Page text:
Ablation or Surgery for Atrial Fibrillation (AF) Treatment
The purpose of this study is to compare 2 invasive strategies for Atrial Fibrillation treatment, Endocardial catheter ablation isolation of the Pulmonary veins versus minimally invasive thoracoscopic surgical epicardial isolation. Both strategies are in use for several years now, and have been reported as a successful strategy with success rates of 60-90%. However, it is not known which technique is preferable in a given patient population in terms of efficacy to cure AF, safety, or patient discomfort. Therefore, in the present trial a randomized study is proposed to provide more insight into the relative merits of both techniques
Atrial Fibrillation is the most common cardiac arrhythmia, affecting millions of people around the world. It is a large burden on health care resources and may even lead to a shorter life expectancy. Drug treatment has been found insufficient and sometimes even hazardous to the pt. Traditionally, there was only one invasive approach available, being MAZE 3 procedure by means of full open chest cardiac surgery. This was a very invasive approach, limited to only a few skilled surgeons, with insufficient options to treat large pt volume.
With the discovery that AF often is initiated and maintained by electrical instability inside and around the Pulmonary Veins, catheter ablation is now a widely accepted early invasive strategy to cure AF. Success rates of 60% to 90% have been reported, depending on technique employed and the type of AF (Resp, chronic versus paroxysmal)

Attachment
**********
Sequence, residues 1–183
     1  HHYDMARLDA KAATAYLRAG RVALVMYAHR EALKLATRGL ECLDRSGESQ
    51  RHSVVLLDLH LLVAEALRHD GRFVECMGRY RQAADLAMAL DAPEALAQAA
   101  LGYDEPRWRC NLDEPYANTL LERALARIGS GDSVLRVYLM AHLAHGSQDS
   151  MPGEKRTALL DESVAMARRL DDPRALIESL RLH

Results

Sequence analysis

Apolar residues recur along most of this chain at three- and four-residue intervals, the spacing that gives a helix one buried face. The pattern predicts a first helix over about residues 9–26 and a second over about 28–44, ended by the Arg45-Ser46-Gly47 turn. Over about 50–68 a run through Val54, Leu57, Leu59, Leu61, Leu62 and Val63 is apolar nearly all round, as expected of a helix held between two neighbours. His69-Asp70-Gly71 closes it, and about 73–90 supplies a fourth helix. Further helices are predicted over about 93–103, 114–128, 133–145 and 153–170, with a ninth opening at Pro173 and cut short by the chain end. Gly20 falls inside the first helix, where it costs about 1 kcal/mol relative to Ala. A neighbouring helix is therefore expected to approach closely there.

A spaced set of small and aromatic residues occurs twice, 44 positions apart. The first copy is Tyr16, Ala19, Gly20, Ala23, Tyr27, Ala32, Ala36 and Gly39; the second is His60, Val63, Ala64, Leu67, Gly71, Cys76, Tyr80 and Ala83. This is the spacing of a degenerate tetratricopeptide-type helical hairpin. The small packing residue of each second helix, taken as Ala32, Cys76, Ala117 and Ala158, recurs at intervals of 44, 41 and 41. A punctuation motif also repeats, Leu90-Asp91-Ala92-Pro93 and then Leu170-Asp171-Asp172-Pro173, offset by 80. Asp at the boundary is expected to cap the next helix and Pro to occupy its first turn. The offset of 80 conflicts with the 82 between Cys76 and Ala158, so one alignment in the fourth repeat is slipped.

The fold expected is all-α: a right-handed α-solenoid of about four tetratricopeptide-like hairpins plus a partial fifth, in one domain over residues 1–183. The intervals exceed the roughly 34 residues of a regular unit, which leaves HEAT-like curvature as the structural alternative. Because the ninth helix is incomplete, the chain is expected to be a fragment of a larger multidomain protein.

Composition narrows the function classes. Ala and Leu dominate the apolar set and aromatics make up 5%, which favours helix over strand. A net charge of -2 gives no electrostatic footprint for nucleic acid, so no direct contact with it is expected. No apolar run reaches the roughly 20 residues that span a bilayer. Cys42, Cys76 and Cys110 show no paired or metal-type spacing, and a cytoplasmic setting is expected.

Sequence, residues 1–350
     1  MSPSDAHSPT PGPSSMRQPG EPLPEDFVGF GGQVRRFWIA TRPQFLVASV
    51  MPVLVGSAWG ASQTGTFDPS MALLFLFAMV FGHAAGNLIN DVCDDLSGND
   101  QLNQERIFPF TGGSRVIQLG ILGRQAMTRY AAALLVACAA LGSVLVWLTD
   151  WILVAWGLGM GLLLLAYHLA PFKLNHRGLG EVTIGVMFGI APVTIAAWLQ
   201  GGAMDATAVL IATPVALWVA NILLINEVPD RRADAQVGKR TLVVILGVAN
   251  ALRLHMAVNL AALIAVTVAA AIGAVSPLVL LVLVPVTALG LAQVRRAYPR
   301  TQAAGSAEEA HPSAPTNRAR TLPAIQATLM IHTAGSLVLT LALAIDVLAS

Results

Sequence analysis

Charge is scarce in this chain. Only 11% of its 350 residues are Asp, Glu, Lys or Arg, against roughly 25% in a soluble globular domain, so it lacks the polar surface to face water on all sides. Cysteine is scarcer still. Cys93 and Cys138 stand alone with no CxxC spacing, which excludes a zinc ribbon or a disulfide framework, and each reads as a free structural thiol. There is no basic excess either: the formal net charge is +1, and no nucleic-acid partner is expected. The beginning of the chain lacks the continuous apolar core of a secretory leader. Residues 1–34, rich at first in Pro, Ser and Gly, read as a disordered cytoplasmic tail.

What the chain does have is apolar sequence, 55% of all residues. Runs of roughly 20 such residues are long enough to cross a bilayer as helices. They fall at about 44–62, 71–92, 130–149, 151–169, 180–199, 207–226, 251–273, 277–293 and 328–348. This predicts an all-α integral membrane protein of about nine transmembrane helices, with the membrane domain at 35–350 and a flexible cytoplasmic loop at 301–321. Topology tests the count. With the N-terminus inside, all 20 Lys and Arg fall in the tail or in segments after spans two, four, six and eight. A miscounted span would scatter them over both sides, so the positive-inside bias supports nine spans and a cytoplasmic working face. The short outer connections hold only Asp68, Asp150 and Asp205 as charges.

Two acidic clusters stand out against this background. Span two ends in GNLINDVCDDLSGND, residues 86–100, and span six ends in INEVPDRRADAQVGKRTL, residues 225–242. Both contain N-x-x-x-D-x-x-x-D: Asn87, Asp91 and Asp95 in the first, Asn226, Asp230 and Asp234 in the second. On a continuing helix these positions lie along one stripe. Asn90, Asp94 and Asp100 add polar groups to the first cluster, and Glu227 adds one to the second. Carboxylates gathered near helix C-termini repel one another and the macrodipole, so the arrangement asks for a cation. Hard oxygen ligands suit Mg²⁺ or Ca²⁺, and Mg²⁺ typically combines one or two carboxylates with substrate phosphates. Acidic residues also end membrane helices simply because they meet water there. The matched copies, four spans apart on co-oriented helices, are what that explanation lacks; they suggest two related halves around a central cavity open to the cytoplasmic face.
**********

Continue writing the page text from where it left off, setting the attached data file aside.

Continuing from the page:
Allocation: Randomized, Endpoint Classification: Safety/Efficacy Study, Intervention Model: Parallel Assignment, Masking: Open Label, Primary Purpose: Treatment
Catheter Ablation, Surgical Ablation
St. Antonius Hospital Nieuwegein
St. Antonius Hospital
Results (where available)
- Source: http://clinicaltrials.gov/show/NCT00662701
- Information obtained from ClinicalTrials.gov on July 15, 2010
Medical and Biotech [MESH] Definitions
Removal of tissue by vaporization, abrasion, or destruction. Methods used include heating tissue by hot liquids or microwave thermal heating, freezing (CRYOABLATION), chemical ablation, and photoablation with LASERS.
Removal of tissue with electrical current delivered via electrodes positioned at the distal end of a catheter. Energy sources are commonly direct current (DC-shock) or alternating current at radiofrequencies (usually 750 kHz). The technique is used most often to ablate the AV junction and/or accessory pathways in order to interrupt AV conduction and produce AV block in the treatment of various tachyarrhythmias.
Rapid, irregular atrial contractions caused by a block of electrical impulse conduction in the right atrium and a reentrant wave front traveling up the inter-atrial septum and down the right atrial free wall or vice versa. Unlike ATRIAL FIBRILLATION which is caused by abnormal impulse generation, typical atrial flutter is caused by abnormal impulse conduction. As in atrial fibrillation, patients with atrial flutter cannot effectively pump blood into the lower chambers of the heart (HEART VENTRICLES).
A cardiotonic glycoside obtained mainly from Digitalis lanata; it consists of three sugars and the aglycone DIGOXIGENIN. Digoxin has positive inotropic and negative chronotropic activity. It is used to control ventricular rate in ATRIAL FIBRILLATION and in the management of congestive heart failure with atrial fibrillation. Its use in congestive heart failure and sinus rhythm is less certain. The margin between toxic and therapeutic doses is small. (From Martindale, The Extra Pharmacopoeia, 30th ed, p666)
Diminution or cessation of secretion of one or more hormones from the anterior pituitary gland (including LH; FOLLICLE STIMULATING HORMONE; SOMATOTROPIN; and CORTICOTROPIN). This may result from surgical or radiation ablation, non-secretory PITUITARY NEOPLASMS, metastatic tumors, infarction, PITUITARY APOPLEXY, infiltrative or granulomatous processes, and other conditions.
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